June 13, 2017

LP: Plumtree - Plumtree Predicts The Future

Plumtree gets a much-deserved second life with a new reissue. 

You may not have ever heard Plumtree's music but you've definitely seen Michael Cera wearing their band shirt. After breaking up in 2000 after a six-year run, the Halifax four-piece stumbled back into the public eye in 2010 through the film adaptation of Scott Pilgrim vs. The World. Despite the success of the movie and comics, Plumtree's music remained overshadowed by other gems of 1990s alt-Canadiana like Eric's Trip and Cub, bands who both (deservedly) continue to be written about in books like Have Not Been The Same: The CanRock Renaissance 1985-1995 and Fresh At Twenty: The Oral History of Mint Records. However, with the reissue of Plumtree's three full-length albums on vinyl and for digital download, the band's music won't go back into hiding anytime soon.

Writing about my favorite Plumtree record is similar to picking a favorite child: you don't want to say you have one, but in all honesty there's a daughter who shines just a little brighter than the rest. For me, that record-child is Plumtree Predicts The Future, the band’s sophomore release and the sonic home to a number of their most understated and underrated bangers. Originally released in 1998 on Halifax's Cinnamon Toast Records, the album begins with “Go!”, a track that, in a parallel universe, is likely the theme song for a quaint Canadian sitcom about the ups and downs of teenage life in the Maritimes. Despite the aging shown by its ska-revival influence, “Hang Up Baby” could have just as easily been released in 2017 with lines like, “Your cell phone is blinking all day long / You know that it's me and not your mom / It wouldn't take much to turn it on / But you'd rather just keep me hanging on.” Another album highlight is the aforementioned “Scott Pilgrim,” Plumtree’s defining track and the closest thing the group ever had to a mainstream hit (if you've never heard the song, stop reading and go listen to its three minutes and four seconds of pure pop perfection RIGHT NOW). The record closes with “Your Mouth Shoots Off,” a curiously effective musical mixture of melancholy and hope. This combination is the best thing about Plumtree: they were never afraid to embrace the contradiction of being sad and being silly at the same time, a form of emotional honesty in pop that can be found today in bands like Nice Try, Adult Mom and Free Cake For Every Creature. From their lighthearted sound to lyrics about the perils of cellphones and romance, Plumtree certainly predicted the future.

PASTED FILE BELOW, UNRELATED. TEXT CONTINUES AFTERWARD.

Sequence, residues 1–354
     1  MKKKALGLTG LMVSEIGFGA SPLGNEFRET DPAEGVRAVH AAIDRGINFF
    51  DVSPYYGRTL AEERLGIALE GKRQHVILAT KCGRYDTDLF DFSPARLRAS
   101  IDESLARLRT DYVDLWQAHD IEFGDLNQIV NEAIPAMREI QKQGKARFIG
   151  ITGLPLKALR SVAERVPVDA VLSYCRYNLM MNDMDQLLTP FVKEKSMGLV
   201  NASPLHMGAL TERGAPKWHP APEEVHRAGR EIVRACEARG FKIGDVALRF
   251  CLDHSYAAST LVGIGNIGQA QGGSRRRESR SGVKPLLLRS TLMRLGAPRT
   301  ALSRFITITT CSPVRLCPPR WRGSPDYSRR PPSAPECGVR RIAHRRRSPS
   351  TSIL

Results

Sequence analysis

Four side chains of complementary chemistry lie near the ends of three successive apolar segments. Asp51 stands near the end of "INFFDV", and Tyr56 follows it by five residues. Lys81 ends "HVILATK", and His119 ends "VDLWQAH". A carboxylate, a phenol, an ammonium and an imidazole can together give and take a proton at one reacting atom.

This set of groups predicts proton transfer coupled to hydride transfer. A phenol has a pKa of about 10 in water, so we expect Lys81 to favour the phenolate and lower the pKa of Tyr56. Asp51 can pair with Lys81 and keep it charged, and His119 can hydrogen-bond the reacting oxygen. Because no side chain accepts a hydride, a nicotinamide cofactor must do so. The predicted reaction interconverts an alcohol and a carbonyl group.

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Listen to Plumtree on bandcamp.

THIS STAFF POST WAS CONTRIBUTED BY:
Alanna Why is a musician and writer from Ottawa, ON., Canada. She used to play in the pop-punk band BB Cream and is currently working on her upcoming musical project, So Sensitive. Follow her on Twitter @alanna_why.